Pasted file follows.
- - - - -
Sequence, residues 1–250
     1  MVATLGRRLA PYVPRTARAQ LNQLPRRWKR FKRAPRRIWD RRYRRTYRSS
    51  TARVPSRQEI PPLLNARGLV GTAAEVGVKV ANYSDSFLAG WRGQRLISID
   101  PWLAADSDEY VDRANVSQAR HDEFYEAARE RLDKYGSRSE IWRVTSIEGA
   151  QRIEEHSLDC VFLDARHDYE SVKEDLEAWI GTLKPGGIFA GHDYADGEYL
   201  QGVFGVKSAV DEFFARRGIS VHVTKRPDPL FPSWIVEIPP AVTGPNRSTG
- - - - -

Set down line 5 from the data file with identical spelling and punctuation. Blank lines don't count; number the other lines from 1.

   151  QRIEEHSLDC VFLDARHDYE SVKEDLEAWI GTLKPGGIFA GHDYADGEYL